The Equivalent Fractions Lesson Fix

The equivalent fractions lesson fixSo for Tuesday's equivalent fractions lesson reboot I came in with...a worksheet.  I know, I know, what a horrible teacher I am.  Antiquated methods and all that.  But you know what?  They did it.  They did focused work for the period, they noticed patterns during this revised equivalent fractions lesson, and they enjoyed the relaxing atmosphere that coloring patterns tends to evoke. 

Once they finished the worksheet, I pulled out the manipulatives once again with a different, higher level skill to work on.  But by starting out with a coloring worksheet (you can get it free from my TPT store) with the exact same skill that didn't come to them when they were collaborating with a hands on activity, suddenly they could do it.     
I continued to rethink the cooperative work hiatus in the afternoon.  I didn't let them play the science game in their groups.  Instead I told them they were going to "play with me."  I chose only 4 kids to get a game board, and I got one too.  I situated them so that kids could look on with those that got to play.  And then we each took turns, drew cards, read them aloud, talked about our move, practiced the good sportsmanship I was modeling, and applauded the first person who got to the finish line.  

I'd never tried a board game this way.
I liked it!

I'll definitely use this strategy at the beginning of the year, and whenever a class has a case of the "bickers."  Not only did it help, but the kids actually enjoyed it.  They started saying "us," instead of "her" for the person near them playing with the same board.  They formed informal teams.  It created a better atmosphere than having 5 separate groups with every man for himself.  Sometimes you just know:  It's time for plan B!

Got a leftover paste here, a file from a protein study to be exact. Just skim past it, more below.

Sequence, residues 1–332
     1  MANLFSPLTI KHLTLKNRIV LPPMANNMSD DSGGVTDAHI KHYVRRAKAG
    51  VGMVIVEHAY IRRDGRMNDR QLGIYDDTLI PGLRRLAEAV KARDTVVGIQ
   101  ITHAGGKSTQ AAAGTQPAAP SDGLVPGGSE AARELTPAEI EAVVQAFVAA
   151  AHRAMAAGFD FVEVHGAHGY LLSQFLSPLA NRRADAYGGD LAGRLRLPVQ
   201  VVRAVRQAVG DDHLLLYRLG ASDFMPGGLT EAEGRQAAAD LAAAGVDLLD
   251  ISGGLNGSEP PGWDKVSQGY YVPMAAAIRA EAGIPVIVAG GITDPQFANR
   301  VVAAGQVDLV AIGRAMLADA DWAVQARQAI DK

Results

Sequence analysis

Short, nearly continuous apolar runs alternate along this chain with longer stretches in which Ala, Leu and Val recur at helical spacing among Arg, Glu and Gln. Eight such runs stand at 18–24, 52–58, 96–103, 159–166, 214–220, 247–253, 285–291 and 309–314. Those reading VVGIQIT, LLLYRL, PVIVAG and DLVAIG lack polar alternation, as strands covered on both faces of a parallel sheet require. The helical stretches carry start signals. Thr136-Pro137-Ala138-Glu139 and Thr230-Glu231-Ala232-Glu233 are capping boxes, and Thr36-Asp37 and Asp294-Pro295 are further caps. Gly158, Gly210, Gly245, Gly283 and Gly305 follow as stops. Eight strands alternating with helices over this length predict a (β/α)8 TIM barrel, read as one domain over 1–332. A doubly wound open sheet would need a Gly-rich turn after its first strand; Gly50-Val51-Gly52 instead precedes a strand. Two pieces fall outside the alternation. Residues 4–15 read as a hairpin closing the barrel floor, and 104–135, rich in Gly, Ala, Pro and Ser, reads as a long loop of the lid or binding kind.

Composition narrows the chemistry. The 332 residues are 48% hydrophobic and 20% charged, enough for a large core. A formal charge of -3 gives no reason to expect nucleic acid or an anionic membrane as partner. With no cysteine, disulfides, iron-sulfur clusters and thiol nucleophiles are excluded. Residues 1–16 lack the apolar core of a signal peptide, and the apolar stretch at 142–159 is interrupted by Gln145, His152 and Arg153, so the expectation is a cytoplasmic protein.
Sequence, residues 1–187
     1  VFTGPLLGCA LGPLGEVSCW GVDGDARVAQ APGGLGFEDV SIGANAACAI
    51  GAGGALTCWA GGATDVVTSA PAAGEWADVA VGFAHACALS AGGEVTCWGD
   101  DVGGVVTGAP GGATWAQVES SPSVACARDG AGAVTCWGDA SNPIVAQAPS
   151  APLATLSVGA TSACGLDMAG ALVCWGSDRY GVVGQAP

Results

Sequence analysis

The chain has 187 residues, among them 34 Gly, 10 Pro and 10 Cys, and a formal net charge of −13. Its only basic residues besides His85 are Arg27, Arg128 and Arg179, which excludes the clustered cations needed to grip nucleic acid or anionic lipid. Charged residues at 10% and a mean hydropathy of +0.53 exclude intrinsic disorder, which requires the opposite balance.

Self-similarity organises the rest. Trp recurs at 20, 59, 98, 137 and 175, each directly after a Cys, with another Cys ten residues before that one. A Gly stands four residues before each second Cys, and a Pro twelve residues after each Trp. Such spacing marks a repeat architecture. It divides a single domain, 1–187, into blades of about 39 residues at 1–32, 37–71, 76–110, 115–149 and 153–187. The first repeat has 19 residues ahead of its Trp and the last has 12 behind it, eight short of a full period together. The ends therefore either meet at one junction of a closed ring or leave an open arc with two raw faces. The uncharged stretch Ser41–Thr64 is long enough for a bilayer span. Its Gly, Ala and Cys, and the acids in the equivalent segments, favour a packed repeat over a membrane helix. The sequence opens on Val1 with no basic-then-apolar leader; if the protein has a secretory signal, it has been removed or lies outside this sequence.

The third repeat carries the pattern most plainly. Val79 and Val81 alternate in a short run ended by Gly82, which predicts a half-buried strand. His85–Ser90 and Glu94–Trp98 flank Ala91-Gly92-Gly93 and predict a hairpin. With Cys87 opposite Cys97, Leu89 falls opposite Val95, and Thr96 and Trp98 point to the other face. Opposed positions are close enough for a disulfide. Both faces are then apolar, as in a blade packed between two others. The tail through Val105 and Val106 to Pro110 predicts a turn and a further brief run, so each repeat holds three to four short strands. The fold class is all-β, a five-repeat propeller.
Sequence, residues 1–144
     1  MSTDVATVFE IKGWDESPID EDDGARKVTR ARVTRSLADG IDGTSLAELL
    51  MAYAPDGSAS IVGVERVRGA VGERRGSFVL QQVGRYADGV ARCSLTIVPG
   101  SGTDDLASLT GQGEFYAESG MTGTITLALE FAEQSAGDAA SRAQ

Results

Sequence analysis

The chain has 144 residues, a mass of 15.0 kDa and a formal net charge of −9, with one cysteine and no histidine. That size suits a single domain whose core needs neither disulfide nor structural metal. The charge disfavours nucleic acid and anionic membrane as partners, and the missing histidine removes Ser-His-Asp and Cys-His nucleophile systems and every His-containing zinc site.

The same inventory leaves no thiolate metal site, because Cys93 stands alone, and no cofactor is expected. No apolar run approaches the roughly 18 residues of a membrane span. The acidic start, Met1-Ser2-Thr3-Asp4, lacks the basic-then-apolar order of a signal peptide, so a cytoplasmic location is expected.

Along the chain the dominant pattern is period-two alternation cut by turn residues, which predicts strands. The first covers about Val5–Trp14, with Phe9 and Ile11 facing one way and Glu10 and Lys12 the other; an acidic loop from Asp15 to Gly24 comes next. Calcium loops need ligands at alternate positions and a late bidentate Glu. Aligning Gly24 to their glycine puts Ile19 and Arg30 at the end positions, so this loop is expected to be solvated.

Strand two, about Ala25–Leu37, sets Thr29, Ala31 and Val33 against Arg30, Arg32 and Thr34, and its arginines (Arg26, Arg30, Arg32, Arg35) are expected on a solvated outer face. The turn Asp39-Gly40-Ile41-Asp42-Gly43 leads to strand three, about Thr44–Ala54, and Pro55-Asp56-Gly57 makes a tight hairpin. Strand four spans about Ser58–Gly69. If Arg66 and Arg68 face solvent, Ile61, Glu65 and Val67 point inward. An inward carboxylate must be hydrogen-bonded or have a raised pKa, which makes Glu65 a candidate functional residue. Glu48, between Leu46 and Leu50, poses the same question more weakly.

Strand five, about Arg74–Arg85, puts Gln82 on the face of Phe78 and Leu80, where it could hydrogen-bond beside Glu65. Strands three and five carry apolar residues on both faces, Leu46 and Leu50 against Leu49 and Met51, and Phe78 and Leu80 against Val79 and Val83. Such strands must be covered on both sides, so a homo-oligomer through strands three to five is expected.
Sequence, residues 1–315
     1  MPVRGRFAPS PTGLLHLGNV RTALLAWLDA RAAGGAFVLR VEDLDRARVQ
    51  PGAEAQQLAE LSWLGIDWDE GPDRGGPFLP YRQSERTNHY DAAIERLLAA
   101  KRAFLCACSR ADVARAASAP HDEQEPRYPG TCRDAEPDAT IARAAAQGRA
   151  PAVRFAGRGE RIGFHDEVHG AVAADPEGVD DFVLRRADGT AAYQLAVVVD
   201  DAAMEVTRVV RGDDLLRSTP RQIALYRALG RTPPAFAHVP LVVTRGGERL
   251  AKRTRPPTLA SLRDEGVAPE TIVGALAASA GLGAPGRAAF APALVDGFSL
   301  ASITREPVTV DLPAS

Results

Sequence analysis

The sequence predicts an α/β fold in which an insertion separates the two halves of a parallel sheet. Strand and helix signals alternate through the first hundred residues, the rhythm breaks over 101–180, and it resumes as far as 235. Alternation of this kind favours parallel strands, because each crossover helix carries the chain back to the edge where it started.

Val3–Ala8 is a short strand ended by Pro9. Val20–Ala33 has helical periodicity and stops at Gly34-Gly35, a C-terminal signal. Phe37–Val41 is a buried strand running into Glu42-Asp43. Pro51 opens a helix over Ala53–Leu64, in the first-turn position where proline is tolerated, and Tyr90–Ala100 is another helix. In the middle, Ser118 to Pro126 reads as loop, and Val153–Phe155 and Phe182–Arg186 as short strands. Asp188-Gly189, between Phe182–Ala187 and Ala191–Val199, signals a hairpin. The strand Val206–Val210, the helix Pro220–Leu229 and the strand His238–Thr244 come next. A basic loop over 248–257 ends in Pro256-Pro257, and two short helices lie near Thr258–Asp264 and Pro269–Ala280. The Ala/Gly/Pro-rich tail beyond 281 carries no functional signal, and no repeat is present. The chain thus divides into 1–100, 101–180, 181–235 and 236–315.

So how do you use this in your own teaching?  My vignette was one example, but here are more general ideas.  

5 Switcheroos for Plan B Activities:

1.  If a competitive game creates tension, take out the competition. 
2.  If a cooperative activity creates tension, try an individual activity (worksheets including coloring often go down well).
3.  If individual activities (like worksheets) create frustration, try a partner activity (Pick partners by personality, then sit with a couple partnerships who struggle with the content area).  
4.  If you don't have good working partnerships, play a teacher vs kids game.
5.  If a modality displeases the majority, pick a new one (drawing as opposed to music as opposed to acting out).

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I originally posted this on All Things Upper Elementary.

1 comment :

  1. I applaud you for taking the time to reflect on what went well and what you needed to change so that your students got the most out of your lesson. It is not an easy practice, especially since fractions can sometimes be a difficult concept to grasp.